Kuwait's Emir Sheikh Sabah al-Ahmad Al-Sabah listens to US President Barack Obama (unseen) at the White House in Washington DC, on September 13, 2013
Kuwait's Emir Sheikh Sabah al-Ahmad Al-Sabah listens to US President Barack Obama (unseen) at the White House in Washington DC, on September 13, 2013 © Brendan Smialowski - AFP
Kuwait's Emir Sheikh Sabah al-Ahmad Al-Sabah listens to US President Barack Obama (unseen) at the White House in Washington DC, on September 13, 2013
AFP
Last updated: November 19, 2013

Kuwait offers $1 billion in soft loans to African states

Kuwait's Emir Sheikh Sabah al-Ahmad Al-Sabah kicked off the third Africa-Arab summit Tuesday by pledging $1 billion (740 million euros) in low-interest loans and the same amount in investments to African states.

The two-day summit in Kuwait is exploring ways to promote economic ties between the Arab world, which includes wealthy Gulf states, and investment-thirsty Africa.

"I ordered officials of the Kuwait Fund for Arab Economic Development to provide soft loans worth $1 billion to Africa over the next five years," Sheikh Sabah announced.

The emir added that Kuwait, in cooperation with the World Bank and other international institutions, had decided "to provide investments and investment guarantees worth $1 billion" over the coming years focused on infrastructure projects.

The Kuwait Fund is the oil-rich Gulf state's investment and aid arm in African, Asian and Arab countries. It has already provided billions of dollars in low-interest loans for development and infrastructure projects.

Thirty-four heads of state, seven vice presidents and three heads of government are attending the summit, which brings together 71 countries and organisations.

The meeting is the first of its kind since 2010, when leaders met in Libya prior to the Arab Spring uprisings that toppled longterm dictatorships in the region.

The leaders are expected to approve measures and resolutions adopted by foreign ministers on Sunday aimed at boosting economic cooperation between countries in the two regions.

In his opening speech, Sheikh Sabah called for a focus on projects to achieve "food security" in Arab and African countries.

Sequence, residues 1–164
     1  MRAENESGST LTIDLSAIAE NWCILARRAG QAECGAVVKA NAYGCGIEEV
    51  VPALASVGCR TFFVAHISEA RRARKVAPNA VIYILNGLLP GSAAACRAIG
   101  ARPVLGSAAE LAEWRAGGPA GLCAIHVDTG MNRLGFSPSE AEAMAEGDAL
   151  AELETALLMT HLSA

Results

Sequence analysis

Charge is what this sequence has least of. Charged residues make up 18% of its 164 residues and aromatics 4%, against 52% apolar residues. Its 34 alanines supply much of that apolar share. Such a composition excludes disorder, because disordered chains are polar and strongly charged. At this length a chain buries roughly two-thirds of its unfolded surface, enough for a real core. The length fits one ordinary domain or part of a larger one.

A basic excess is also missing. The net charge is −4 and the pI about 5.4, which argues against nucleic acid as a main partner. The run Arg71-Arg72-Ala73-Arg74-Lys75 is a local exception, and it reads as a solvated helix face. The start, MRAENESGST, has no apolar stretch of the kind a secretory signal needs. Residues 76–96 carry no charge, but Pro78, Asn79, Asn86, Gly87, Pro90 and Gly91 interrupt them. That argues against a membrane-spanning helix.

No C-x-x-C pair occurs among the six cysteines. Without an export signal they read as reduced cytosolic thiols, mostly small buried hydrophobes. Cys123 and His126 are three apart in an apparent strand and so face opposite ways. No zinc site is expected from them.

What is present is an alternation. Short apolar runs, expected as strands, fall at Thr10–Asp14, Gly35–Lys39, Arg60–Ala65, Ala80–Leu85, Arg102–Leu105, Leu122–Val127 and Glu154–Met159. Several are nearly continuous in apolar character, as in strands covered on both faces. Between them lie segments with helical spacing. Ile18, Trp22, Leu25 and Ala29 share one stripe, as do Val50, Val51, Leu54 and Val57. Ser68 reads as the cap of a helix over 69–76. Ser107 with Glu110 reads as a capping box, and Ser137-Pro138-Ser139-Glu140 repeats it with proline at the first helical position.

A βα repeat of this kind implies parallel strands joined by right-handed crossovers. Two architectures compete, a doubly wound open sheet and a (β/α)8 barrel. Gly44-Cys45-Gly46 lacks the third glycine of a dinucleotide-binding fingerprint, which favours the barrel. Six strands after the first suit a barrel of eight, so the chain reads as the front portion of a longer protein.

African leaders who address the meeting said an economic partnership between Africa and the Arab world would benefit everyone.

"It is a win-win partnership for the two sides," said Gabon President Ali Bongo Ondimba. He called for increased cooperation between the private sectors and for the formation of an African-Arab business council.

Ethiopian Prime Minister Hailemariam Desalegn, who is also co-chairperson of summit, said that focused investments by sovereign wealth funds can lead to a "green revolution" in Africa "which is capable of meeting Arab food demands".

Kuwait's Foreign Minister Sheikh Sabah Khaled Al-Sabah said the summit would discuss a proposal by the Africa-Arab Economic Forum to create an Arab-African common market for a combined population of around 1.2 billion people.

The leaders will also look at how to accelerate investment flows into Africa, which is facing an acute investment gap.

According to the World Bank, Africa needs around $30 billion a year just to develop its energy sector.

The International Monetary Fund says African economic growth was a solid 5.0 percent in 2012 despite the world economic crisis. Growth is forecast to ease slightly at 4.8 percent this year and rebound to 5.1 percent in 2014.

In addition, Africa has 12 percent of global oil reserves and 42 percent of its gold deposits. The discovery of large quantities of natural gas off Africa's east coasts has added to the continent's economic potential.

On the other hand, the energy-rich Gulf Cooperation Council states have accumulated surpluses of $2.0 trillion thanks to persistently high oil prices. A majority of the assets are invested in the United States and Europe.

The summit held in Libya three years ago adopted an Africa-Arab Partnership Strategy and a 2011-2016 Joint Action Plan to increase investment, trade and other economic projects.

But implementation has been slow, in part because of the turmoil unleashed by the 2011 Arab Spring, which saw the leaders of Tunisia, Libya, Egypt and Yemen toppled by mass protests and the outbreak of civil war in Syria.

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